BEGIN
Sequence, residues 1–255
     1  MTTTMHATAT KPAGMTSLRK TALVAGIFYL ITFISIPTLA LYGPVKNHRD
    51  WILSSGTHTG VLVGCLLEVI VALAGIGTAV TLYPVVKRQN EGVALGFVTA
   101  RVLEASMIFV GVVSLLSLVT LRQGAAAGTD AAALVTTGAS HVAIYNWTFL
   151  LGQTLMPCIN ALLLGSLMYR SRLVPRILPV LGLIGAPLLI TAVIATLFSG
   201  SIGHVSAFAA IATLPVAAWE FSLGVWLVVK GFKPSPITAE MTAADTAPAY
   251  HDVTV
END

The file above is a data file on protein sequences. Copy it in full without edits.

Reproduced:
Sequence, residues 1–255
     1  MTTTMHATAT KPAGMTSLRK TALVAGIFYL ITFISIPTLA LYGPVKNHRD
    51  WILSSGTHTG VLVGCLLEVI VALAGIGTAV TLYPVVKRQN EGVALGFVTA
   101  RVLEASMIFV GVVSLLSLVT LRQGAAAGTD AAALVTTGAS HVAIYNWTFL
   151  LGQTLMPCIN ALLLGSLMYR SRLVPRILPV LGLIGAPLLI TAVIATLFSG
   201  SIGHVSAFAA IATLPVAAWE FSLGVWLVVK GFKPSPITAE MTAADTAPAY
   251  HDVTV